The skeptical scholars used to argue that the crucified corpse of Jesus was buried in a shallow grave reserved for executed criminals. In 1968 building contractors unexpectedly uncovered an ancient burial site with 35 bodies in Giv’at ha-Mivtar, a Jewish neighborhood in northeast Jerusalem.
These were the bones of two generations of a family who lived in the century before the time of Jesus. One person was identified as Yohanan Ben Ha’galgol, being around 24 and 28 years old. His bones were kept in an 18-inch long limestone ossuary (bone box). He had a 7-inch nail driven through his both feet. The fragments of olive wood were found on the nail that identified the type of wood of the cross he was hanged. Yohanan’s legs were crushed by an object like Roman “crucifragium” (John 19:31-32).
This important archaeological discovery matches the gospel account and confirms that people were buried properly after the crucifixion per Jewish tradition.
The Empty Tomb of Jesus
The tomb is located in the Church of the Holy Sepulcher in Jerusalem’s Old City and suggests the actual site of the crucifixion, the burial and the resurrection of Jesus. The National Technical University of Athens opened the tomb for the first time in centuries in October 2016 to conduct a restoration on the shrine project.
Many believe that the tomb contains a long burial bed where the body of Christ was placed after his crucifixion in around 30 AD.
Archaeologists admit that there is no absolute proof that the Holy Sepulcher Church is the place of Jesus’ burial, but there is no other evidence that is strongly associated with this location. Martin Biddle, the author of “The Tomb of Christ”, confirms the following:
“What is clear is that the kind of tomb suggested by the Gospel accounts is consistent with what is now known of contemporary practice in the Jerusalem area: i.e. a rock-cut tomb, a low entrance closed by a moveable stone, and a raised burial couch within.” (Martin Biddle, The Tomb of Christ (Stroud, Gloucestershire: Sutton Publishing, 1999), p.55.)
According to the National Geographic, researchers explored the limestone samples of the tomb by using optically stimulated luminescence (OSL) tests. The tests reveal they were 1,7000 years old and dated to the imperial Roman era. The pieces of mortar taken from the burial bed and a marble cover dated back to 345 AD.
There were people who assumed that the disciples stole Christ’s body. However, grave robbery was an extremely serious crime equal to the capital offense. Anyone conducted a grave robbery or any other type of crime was punished severely. The type of punishment included crucifixion. It was highly unlikely already fearful and tired disciples would risk doing this type of crime.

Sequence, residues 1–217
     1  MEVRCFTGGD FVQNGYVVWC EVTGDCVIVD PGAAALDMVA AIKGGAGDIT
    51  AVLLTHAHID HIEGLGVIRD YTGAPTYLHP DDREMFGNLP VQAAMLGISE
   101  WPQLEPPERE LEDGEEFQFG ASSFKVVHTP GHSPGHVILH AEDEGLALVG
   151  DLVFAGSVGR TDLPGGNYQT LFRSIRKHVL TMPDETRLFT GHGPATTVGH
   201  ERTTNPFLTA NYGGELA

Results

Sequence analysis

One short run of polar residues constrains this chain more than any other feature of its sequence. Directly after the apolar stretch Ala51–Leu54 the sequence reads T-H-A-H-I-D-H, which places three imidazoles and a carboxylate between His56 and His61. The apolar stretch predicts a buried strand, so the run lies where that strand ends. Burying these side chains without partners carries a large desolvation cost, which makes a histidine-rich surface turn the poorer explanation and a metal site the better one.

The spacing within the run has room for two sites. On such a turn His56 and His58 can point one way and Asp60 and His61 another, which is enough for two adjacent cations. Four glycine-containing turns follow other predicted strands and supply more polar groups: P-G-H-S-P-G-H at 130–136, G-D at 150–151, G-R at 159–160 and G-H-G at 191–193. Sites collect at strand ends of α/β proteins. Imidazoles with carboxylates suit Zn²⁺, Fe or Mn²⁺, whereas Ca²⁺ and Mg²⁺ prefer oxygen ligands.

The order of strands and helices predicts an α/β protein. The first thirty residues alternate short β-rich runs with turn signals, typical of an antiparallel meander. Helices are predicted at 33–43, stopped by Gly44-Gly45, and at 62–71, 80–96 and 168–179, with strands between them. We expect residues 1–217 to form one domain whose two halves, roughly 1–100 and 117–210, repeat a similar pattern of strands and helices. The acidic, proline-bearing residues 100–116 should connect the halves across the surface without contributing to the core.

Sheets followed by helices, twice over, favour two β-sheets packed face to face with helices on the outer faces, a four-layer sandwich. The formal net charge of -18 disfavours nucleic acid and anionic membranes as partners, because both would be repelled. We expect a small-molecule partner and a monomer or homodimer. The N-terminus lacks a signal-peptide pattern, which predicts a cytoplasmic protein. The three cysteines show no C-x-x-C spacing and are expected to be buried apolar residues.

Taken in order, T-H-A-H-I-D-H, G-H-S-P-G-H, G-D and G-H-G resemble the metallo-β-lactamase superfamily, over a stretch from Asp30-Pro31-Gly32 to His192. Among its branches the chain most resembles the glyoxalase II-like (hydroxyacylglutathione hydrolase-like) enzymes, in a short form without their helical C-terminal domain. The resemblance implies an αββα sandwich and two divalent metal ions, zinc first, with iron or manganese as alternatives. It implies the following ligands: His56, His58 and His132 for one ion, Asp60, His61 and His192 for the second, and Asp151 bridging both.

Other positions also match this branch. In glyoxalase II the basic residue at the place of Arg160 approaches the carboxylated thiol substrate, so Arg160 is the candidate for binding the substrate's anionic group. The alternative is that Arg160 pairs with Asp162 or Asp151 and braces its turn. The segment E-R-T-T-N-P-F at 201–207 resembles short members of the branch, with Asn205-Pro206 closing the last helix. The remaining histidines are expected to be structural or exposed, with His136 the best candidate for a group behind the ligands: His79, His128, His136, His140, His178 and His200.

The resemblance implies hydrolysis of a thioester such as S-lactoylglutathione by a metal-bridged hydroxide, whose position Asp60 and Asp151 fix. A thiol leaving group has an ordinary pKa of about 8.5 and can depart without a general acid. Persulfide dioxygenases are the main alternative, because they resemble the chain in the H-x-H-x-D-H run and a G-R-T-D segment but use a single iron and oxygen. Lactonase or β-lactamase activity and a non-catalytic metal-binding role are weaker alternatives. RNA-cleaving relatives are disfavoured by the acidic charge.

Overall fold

The Shroud of Turin
Raymond N. Rogers, the author of ‘Studies on the Radiocarbon Sample from the Shroud of Turin’ book, calculated it to be 1,300 to 3,000 years old and from Jesus’ time period. Padua University scientists conducted another radiocarbon dating tests in early 2013 and confirmed that the Shroud was made around 280 BC and 220 AD.
Another study done by the Hebrew University concluded that pollen and plant images on the shroud showed it originated in the area around Jerusalem sometime before the eighth century. The shroud carries undisturbed bloodstains and provides additional evidence that it is a genuine 1st-century artifact that serves as archaeological evidence of Jesus’ crucifixion.
And finally, Barbara Frale, a researcher at the Vatican archives used computer-enhanced images of the shroud. She detected faintly written words in Greek, Latin, and Aramaic that include the name "(J)esu(s) Nazarene" — or Jesus of Nazareth — in Greek. In her book, "The Shroud of Jesus Nazarene," she explains that those people who were buried in the public grave were marked by words for identification.
“Archaeology neither proves nor disproves the New Testament. It does, however, endorse the narratives at many points, especially in the case of inscriptions, which by their nature are specific.” (Paul Barnett)Archaeological findings serve as independent evidence for places, people, cultural practices and beliefs mentioned in the New Testament. It validates the historical character and reliability of the Gospel texts, fills in background details for the narratives in both the Gospels and in the book of Acts. The archaeological discoveries provide an actual proof that the gospels are correct historically and its names and places have been verified many times.
Did Jesus Exist? Archaeological Proof
4/ 5By Esmi